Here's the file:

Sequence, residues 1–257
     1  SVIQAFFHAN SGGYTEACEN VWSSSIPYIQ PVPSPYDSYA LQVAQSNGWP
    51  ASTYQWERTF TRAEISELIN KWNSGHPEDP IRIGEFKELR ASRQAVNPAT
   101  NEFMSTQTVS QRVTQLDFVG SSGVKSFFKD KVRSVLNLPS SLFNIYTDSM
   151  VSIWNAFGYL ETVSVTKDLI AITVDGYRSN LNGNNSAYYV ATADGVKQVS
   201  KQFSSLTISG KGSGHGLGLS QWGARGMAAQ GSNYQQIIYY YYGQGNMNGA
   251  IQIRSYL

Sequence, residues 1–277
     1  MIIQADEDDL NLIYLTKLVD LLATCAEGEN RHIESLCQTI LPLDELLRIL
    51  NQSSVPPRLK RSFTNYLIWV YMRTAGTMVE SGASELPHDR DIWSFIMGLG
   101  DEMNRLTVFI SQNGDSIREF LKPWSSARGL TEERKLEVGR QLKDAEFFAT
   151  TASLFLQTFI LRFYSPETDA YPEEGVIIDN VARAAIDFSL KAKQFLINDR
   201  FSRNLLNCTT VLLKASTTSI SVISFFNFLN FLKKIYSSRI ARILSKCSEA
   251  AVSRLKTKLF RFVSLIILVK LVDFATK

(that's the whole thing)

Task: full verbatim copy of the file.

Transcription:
Sequence, residues 1–257
     1  SVIQAFFHAN SGGYTEACEN VWSSSIPYIQ PVPSPYDSYA LQVAQSNGWP
    51  ASTYQWERTF TRAEISELIN KWNSGHPEDP IRIGEFKELR ASRQAVNPAT
   101  NEFMSTQTVS QRVTQLDFVG SSGVKSFFKD KVRSVLNLPS SLFNIYTDSM
   151  VSIWNAFGYL ETVSVTKDLI AITVDGYRSN LNGNNSAYYV ATADGVKQVS
   201  KQFSSLTISG KGSGHGLGLS QWGARGMAAQ GSNYQQIIYY YYGQGNMNGA
   251  IQIRSYL

Sequence, residues 1–277
     1  MIIQADEDDL NLIYLTKLVD LLATCAEGEN RHIESLCQTI LPLDELLRIL
    51  NQSSVPPRLK RSFTNYLIWV YMRTAGTMVE SGASELPHDR DIWSFIMGLG
   101  DEMNRLTVFI SQNGDSIREF LKPWSSARGL TEERKLEVGR QLKDAEFFAT
   151  TASLFLQTFI LRFYSPETDA YPEEGVIIDN VARAAIDFSL KAKQFLINDR
   201  FSRNLLNCTT VLLKASTTSI SVISFFNFLN FLKKIYSSRI ARILSKCSEA
   251  AVSRLKTKLF RFVSLIILVK LVDFATK